Throw AJ Allmendinger (22nd), Landon Cassill (28th), Michael McDowell (30th) and Matt DiBenedetto (31st) in here, too. All four could easily have challenged for at least a top 10 if not for a lap 171 melee that swept them all up. DiBenedetto was one of a handful of cars parked during the race for a pit road infraction following the crash.

Needs Improvement

The rest of the field was caught up in a variety of incidents as well, but none made it far enough to really say whether they might have contended.

Joey Gase (32nd) and DJ Kennington (33rd) both crashed on lap 164. Gase was done for the day while Kennington got parked for too many men fixing his car in the pits.

Cole Whitt (34th) didn’t get a chance to show whether he could overachieve this week. The TriStar Motorsports driver tangled with Clint Bowyer just over 30 laps shy of the end. Jeffrey Earnhardt (38th) and Mark Thompson (39th) had an incident just 25 laps into the day.

Finally, Justin Marks brought up the rear of the field in the part-time No. 7 Chevrolet. Marks suffered a crash after just 16 laps, hitting the wall under green-flag conditions. He also got parked for having too many crewmen working on his car in the pits.

Newsworthy

A few days after cutting Landon Cassill loose after the 2017 season, Front Row Motorsports indicated they were still evaluating whether David Ragan will be asked back next year.  Ragan, who has the team’s only win, returned to FRM this season after running for BK Racing last season. The team addressed media at Talladega and indicated Cassill’s firing could be the first domino in a sweeping change for the team this offseason.

“There’s a lot of cards still left to be dealt and try to figure out what’s going to put us in the best place competitively as an organization. So I don’t know,” said team GM Jerry Freeze Sunday. “There may be more changes to come with some of the folks we got around our program and hopefully partners — some coming on board, new ones, and stuff that we’re talking about that I think is going to be really exciting.”

Ragan told Frontstretch in an interview published Wednesday that, while nothing was signed he was working on a 2018 return.

Meanwhile, Jeffrey Earnhardt announced at Talladega he will return to the No. 33 Circle Sport ride next year for a second season.

At Leavine Family Racing, crew chief Todd Parrott, who joined the team last season, was replaced on Monday. Jon Leonard will finish the year with driver Michael McDowell, who is being replaced by Kasey Kahne next year.  The team has not named a crew chief for Kahne.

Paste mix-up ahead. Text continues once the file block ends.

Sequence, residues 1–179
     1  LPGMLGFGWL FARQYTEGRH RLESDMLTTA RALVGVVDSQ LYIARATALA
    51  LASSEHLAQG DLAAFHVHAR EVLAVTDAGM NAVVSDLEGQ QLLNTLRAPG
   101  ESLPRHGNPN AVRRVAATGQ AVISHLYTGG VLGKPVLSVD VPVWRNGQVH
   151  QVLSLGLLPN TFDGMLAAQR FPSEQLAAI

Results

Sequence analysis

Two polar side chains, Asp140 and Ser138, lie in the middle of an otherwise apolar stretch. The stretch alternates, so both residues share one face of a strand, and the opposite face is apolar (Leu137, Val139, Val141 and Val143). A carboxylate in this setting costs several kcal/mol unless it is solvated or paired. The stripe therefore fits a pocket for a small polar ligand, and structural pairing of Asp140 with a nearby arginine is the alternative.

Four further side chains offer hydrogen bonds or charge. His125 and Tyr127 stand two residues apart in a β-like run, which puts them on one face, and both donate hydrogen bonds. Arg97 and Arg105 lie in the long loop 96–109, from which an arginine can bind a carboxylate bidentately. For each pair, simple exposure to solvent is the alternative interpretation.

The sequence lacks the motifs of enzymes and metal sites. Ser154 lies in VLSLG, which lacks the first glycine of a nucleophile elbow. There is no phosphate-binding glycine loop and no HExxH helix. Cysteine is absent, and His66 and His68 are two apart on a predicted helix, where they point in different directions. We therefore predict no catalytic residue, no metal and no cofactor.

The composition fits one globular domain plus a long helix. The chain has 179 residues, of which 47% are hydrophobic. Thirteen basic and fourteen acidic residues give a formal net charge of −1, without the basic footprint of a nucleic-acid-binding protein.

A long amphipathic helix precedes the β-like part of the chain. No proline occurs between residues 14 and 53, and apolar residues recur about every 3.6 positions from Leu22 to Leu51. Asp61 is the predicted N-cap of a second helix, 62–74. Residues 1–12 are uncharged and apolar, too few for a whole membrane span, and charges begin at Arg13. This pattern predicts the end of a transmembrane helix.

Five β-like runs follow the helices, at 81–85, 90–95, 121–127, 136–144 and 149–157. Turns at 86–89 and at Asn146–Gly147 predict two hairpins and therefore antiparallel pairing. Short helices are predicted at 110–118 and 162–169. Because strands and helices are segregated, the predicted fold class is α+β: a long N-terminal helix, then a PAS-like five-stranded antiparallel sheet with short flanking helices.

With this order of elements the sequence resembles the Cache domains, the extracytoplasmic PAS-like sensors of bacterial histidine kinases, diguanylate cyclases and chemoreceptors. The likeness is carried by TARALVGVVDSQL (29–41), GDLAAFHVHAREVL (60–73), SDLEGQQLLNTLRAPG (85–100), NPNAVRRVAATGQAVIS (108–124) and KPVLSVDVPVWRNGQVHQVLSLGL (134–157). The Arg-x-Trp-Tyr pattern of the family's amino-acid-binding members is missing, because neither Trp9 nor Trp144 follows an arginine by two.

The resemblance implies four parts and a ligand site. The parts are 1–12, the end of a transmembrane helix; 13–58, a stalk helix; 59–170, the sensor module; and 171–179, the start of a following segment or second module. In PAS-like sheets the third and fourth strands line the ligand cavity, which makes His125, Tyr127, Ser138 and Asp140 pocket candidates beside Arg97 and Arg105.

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About Amy Henderson

Amy Henderson

Amy oversees the photography and social media for Frontstretch. A 10-year veteran writer and three-time National Motorsports Press Association (NMPA) writing award winner, Amy pens The Big Six (Mondays), Frontstretch 5 (Wednesdays) and Holding A Pretty Wheel (Fridays). A New Hampshire native living in North Carolina, Amy’s work credits extend everywhere from driver Kenny Wallace’s website to Athlon Sports.

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3 comments

  1. Thank you for saying that these lower-tier trams hardly get a mention. I can’t remember which pile up it was, but two chasers made it through it. Between those two cars were the #47 and #37. Kyle Petty said “watch how ( whoever and whoever) snuck right through there” He just completely ignored the two JTGD cars. It’s all about the chasers and it sucks.

  2. David Ragan will be asked back next year. Ragan, who has the team’s only win, returned to FRM this season after running for BK Racing last season.

    FrontRow does have 2 wins though. Chris Buescher won Ponoco with them.

  3. Amy, I completely agree with you about the tv guys not covering more of the drivers in the race. The short of it is the networks won’t put you on the screen and talk about you unless you pay them. We found this out first hand when we ran in the Rolex sports car series. They wanted us to pay $5000 per race to put an incar camera in our car. We declined, and we were never mentioned once in the Rolex 24, a race that we finished 10th in class out of 30 cars, and 18th overall out of 49. They only time we were mentioned was the one time we crashed. Yet, they wonder why tv ratings are sagging.